An Immigrant's Story
By Pawel Chmielewski • October 19, 2016
When coming to this Country 23 years ago, I imagined it being full of great opportunities to shape my future and my financial desires. The goal was very simple: manage my own business, obtain financial freedom, and help my family and others at the same time.
I moved to the small town of Webster, MA where I worked as a machine operator in a local textile factory. At that time, I learned that if I worked hard enough, then I could accomplish what I came here to do. I worked a lot of overtime, almost 30 extra hours each week. I was only 22 years old, very intelligent and very ambitious. I spent around three years there, working very hard, saving my money, and financially helping my family overseas. I was working my plan slowly, saving as much as possible for future investment opportunities. Until the day that changed my life forever.
I was introduced to drugs, specifically cocaine. At first I started using socially however, over 6 months this became a daily habit and my life became unimaginable. Cocaine became more important than anything or anyone else, it was taking over my life piece by piece. I started messing up at work, coming to work late and tired after a long night of using drugs and drinking alcohol. I noticed that I started losing motivation, control, and most of all confidence. Within the next 5 months I lost my job. Management got tired of my excuses, lies, and stories that did not make any sense.
Loss of my job quickly lead to financial bankruptcy. My bank account was overdrawn and quickly closed. I started selling my possessions, including my car and furniture. Not because the rent was due, but because I needed to get my fix. In three months I was kicked out of my apartment and ended up on the street. I lost contact with my family completely. What was there left to do? I was too ashamed to admit that I had a drug problem and too proud to ask for help.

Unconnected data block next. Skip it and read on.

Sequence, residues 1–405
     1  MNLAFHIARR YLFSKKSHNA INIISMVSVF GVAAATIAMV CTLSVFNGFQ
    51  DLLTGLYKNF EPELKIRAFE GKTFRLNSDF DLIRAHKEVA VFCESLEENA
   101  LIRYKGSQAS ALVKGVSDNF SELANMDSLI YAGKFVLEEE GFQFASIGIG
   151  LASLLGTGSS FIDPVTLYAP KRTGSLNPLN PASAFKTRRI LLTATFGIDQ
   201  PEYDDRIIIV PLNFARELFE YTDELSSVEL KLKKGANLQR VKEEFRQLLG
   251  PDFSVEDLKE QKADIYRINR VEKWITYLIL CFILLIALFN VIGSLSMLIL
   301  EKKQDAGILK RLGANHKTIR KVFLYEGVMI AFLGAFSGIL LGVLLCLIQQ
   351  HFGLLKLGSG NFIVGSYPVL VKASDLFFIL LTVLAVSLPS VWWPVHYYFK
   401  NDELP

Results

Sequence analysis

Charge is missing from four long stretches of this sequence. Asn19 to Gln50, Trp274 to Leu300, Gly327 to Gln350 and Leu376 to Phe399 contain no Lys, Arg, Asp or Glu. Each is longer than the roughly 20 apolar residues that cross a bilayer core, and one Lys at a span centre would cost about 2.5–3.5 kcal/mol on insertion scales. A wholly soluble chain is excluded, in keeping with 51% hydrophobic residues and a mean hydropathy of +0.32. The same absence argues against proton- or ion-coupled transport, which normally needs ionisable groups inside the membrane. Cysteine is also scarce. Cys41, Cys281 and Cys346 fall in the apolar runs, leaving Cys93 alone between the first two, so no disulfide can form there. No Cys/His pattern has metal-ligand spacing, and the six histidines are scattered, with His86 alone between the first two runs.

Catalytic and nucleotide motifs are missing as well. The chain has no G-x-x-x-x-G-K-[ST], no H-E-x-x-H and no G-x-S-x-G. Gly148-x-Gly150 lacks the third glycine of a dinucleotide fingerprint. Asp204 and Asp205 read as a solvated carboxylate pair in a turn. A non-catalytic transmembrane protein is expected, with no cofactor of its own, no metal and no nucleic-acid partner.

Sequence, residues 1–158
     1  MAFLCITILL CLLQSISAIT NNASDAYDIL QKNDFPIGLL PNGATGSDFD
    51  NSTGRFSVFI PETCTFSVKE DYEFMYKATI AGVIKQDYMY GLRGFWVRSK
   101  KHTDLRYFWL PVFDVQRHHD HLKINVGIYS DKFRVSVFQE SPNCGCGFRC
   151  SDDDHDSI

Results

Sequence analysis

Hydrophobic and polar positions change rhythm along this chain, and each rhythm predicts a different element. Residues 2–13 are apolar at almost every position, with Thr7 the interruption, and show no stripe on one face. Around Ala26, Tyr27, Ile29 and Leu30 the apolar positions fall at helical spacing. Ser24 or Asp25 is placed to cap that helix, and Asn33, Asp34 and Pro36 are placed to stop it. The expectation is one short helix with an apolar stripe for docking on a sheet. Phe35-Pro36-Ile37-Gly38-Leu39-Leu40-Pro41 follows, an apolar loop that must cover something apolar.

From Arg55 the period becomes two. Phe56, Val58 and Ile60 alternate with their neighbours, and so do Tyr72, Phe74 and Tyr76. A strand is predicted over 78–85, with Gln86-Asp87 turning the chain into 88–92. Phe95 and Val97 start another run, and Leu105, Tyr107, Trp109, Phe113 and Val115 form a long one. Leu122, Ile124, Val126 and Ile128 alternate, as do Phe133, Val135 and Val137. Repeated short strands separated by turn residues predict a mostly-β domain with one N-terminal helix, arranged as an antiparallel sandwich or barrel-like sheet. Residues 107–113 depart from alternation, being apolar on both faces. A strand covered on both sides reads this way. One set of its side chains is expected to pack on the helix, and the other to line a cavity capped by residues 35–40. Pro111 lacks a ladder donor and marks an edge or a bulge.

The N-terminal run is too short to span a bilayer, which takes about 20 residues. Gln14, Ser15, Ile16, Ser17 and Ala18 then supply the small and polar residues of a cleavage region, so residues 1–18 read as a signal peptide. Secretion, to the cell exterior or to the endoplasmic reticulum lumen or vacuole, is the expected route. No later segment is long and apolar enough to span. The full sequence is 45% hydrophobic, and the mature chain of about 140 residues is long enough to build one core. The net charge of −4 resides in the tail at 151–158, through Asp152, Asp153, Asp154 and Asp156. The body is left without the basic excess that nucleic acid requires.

I hung out in bars with people that I considered friends at the time, and relied on their goodwill to let me stay at their places overnight; when the reality was that they were complete strangers to me. I was hopeless, no income and a language barrier. This caused a lot of misunderstandings, that lead to a lot of fights in which I had to defend myself.
I remember winter came and I did not have a place to stay. I found an old school bus and made myself at home in the bus. I fixed broken windows with card board and used newspapers for a blanket to keep myself warm. I cleaned and shaved myself in a nearby river, which was very difficult to do in the middle of winter. I still remember how cold the water was! I lost a lot of weight during this time from not eating enough, or not at all. Drugs took over every aspect of my life, and I did not see any reason to change my situation. I did not care. I lost faith and was in desperate need of drugs. That became the most important thing in my life. I was completely powerless over my addiction. I stole food to feed myself and stole possessions to exchange them for drugs. I had not yet realized what was going on. I hopelessly lost all of my possessions, as well as self-esteem and honor. This disease affected me physically, mentally, spiritually, and emotionally. I did not see rig! ht or wrong. I became arrogant, self-centered, manipulative. I was nobody and nobody wanted to have anything to do with me. I remained this way for about two years, the worst time of my life.
One day I saw someone I knew, he pulled over and asked me to go with him. I was on my way to a bar to deliver some drugs for a local drug dealer. Instead, I went to that Richard’s house. His wife offered to let me stay on their property in their trailer, as long as I didn’t use drugs. I got rid of all my drugs and decided to stay there. I had food and a warm shower, and I started working with Richard in his construction business. I am very thankful for this man and his wife.
When his construction business slowed down I took a job as a housekeeper for a large national company based in Massachusetts and very quickly started to climb up on my new career ladder. I became account manager and successfully ran housekeeping and laundry operations at a local nursing home.
What happened to my addiction? The problem resurfaced shortly after I left Richard’s house, except this time I learned how to manage my addiction. I took care of basic needs first (paid rent and bought some food), and the rest of the money I spent on buying drugs. I have estimated having spent around $300,000 over 15 years of using. I learned how to successfully hide my addiction from my bosses and to some extent my family, until one day I was hit by a car. I don't remember too much, that is how drunk and high I was. I ended up with a fractured neck and I was out from work for 6 months. I relied on a friend to take care of me.